>elements in the DOM. We’d ultimately like to support an HTML document with
>(mostly) HTML elements in the DOM. That’s a long road, though. One milestone
>we hope to hit along the way is loading an HTML document with (mostly) XUL
>elements in the DOM.

How is this going to work with the XUL prototype cache? My understanding was
that, if anything, we'd probably initially aim for a XUL document with mostly
XHTML elements so that we could continue using the XUL prototype cache until
we have a replacement.
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Bobby Holley

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Aug 24, 2018, 1:14:29 PM8/24/18
to Brian Grinstead, Firefox Dev
Great update - really exciting to see so much continued momentum on this critical work!

Brian Grinstead

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Aug 24, 2018, 3:33:44 PM8/24/18
to Kris Maglione, firefox-dev list

> On Aug 23, 2018, at 9:29 PM, Kris Maglione <kmag...@mozilla.com> wrote:
>
> On Thu, Aug 23, 2018 at 08:59:32PM -0700, Brian Grinstead wrote:
>> The main browser window is currently a XUL document with (mostly) XUL elements in the DOM. We’d ultimately like to support an HTML document with (mostly) HTML elements in the DOM. That’s a long road, though. One milestone we hope to hit along the way is loading an HTML document with (mostly) XUL elements in the DOM.
>
> How is this going to work with the XUL prototype cache?

It’s a good point, and we still need to figure out what to do about the prototype cache. We’ll do that in parallel with fixing bugs - once we're confident that the HTML doc is working approximately the same as the XUL doc we’ll start tracking any regressions in talos. Since we’re going to have to do this ultimately regardless of what direction we go, I hope it’s not a major roadblock.

We have some talos pushes in flight to compare the impact of turning off various parts of the cache (script, style, document) - I’ll update you as we start to get some results from that. I’m not super familiar with this area yet, and would welcome feedback and ideas about how to enable some or all of it for HTML documents.

> My understanding was that, if anything, we'd probably initially aim for a XUL document with mostly XHTML elements so that we could continue using the XUL prototype cache until we have a replacement.

The tricky part with going the other direction (XUL doc, HTML elements) is that we have elements that are still XUL, and the XUL flexbox layout and CSS layouts don’t play well together. So migrating parts of the UI at a time into HTML elements is going to cause CSS/layout headaches unless if the parts can be pretty isolated from each other. I’m not sure I can describe all the problems exactly, but I’ve experienced this first hand when trying to put HTML inside XUL parents in the Inspector panel - things just don’t display correctly and the behavior isn’t specified AFAIK. I can dig up some bugs if you’re interested in details.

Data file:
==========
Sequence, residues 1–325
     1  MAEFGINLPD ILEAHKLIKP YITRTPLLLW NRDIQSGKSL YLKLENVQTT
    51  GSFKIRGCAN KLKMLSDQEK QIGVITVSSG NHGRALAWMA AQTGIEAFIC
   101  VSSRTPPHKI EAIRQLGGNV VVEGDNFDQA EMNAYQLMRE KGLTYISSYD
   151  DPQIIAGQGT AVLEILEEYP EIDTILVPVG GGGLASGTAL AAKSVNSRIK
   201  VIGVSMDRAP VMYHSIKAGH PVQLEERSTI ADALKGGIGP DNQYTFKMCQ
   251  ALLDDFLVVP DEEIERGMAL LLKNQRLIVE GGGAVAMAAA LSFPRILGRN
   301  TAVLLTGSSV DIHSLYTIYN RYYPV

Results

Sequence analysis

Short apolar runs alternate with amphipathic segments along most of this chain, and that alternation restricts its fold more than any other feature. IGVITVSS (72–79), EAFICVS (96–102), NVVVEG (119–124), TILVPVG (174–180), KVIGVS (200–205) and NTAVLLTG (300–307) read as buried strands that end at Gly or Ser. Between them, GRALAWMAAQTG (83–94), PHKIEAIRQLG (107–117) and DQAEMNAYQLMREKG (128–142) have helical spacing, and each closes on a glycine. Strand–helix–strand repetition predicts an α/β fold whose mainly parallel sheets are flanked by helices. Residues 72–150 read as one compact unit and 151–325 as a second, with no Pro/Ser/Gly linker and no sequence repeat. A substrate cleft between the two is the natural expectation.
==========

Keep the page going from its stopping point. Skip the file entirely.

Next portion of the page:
The plan to avoid that problem is to wait for XUL flexbox emulation, which will flip the entire UI to use CSS flexbox and unblock us to begin interspersing XUL and HTML elements. This is blocked primarily on CSS flexbox perf, which is being worked on by the layout team (see bug 1449346 and the metabug 1304473).

Brian

Kris Maglione

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Aug 24, 2018, 6:04:14 PM8/24/18
to Brian Grinstead, firefox-dev list
On Fri, Aug 24, 2018 at 12:33:35PM -0700, Brian Grinstead wrote:
>> On Aug 23, 2018, at 9:29 PM, Kris Maglione <kmag...@mozilla.com> wrote:
>> How is this going to work with the XUL prototype cache?
>
>It’s a good point, and we still need to figure out what to do about the
>prototype cache. We’ll do that in parallel with fixing bugs - once we're
>confident that the HTML doc is working approximately the same as the XUL
>doc we’ll start tracking any regressions in talos.

That sounds reasonable. Just as long as we're not overlooking it.

>I’m not super familiar with this area yet

At this point, I can probably count on one hand the people who are.
Hopefully we'll wind up in a better place at the end of this process.

>The tricky part with going the other direction (XUL doc, HTML elements) is
>that we have elements that are still XUL, and the XUL flexbox layout and
>CSS layouts don’t play well together. So migrating parts of the UI at a
>time into HTML elements is going to cause CSS/layout headaches unless if
>the parts can be pretty isolated from each other. I’m not sure I can
>describe all the problems exactly, but I’ve experienced this first hand
>when trying to put HTML inside XUL parents in the Inspector panel - things
>just don’t display correctly and the behavior isn’t specified AFAIK. I can
>dig up some bugs if you’re interested in details.

I would be interested, yes. Thanks.

Brian Grinstead

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Aug 28, 2018, 1:14:50 PM8/28/18
to Kris Maglione, firefox-dev list

> On Aug 24, 2018, at 2:43 PM, Kris Maglione <kmag...@mozilla.com> wrote:
>> The tricky part with going the other direction (XUL doc, HTML elements) is that we have elements that are still XUL, and the XUL flexbox layout and CSS layouts don’t play well together. So migrating parts of the UI at a time into HTML elements is going to cause CSS/layout headaches unless if the parts can be pretty isolated from each other. I’m not sure I can describe all the problems exactly, but I’ve experienced this first hand when trying to put HTML inside XUL parents in the Inspector panel - things just don’t display correctly and the behavior isn’t specified AFAIK. I can dig up some bugs if you’re interested in details.
>
> I would be interested, yes. Thanks.

I’ve asked the frontend team if they could point me to more examples, but https://bugzilla.mozilla.org/show_bug.cgi?id=1437302#c8 and https://bugzilla.mozilla.org/show_bug.cgi?id=1259812#c16 (which resulted in https://searchfox.org/mozilla-central/source/devtools/client/themes/inspector.css#137-144) are two I found so far.

It’s possible this is doable and I just don’t know the right tricks, but AFAIK the behavior is unspecified and attempting to use it turns into spending a lot of time experimenting in the Browser Toolbox and then eventually abandoning it and using XUL elements/flexbox.

Brian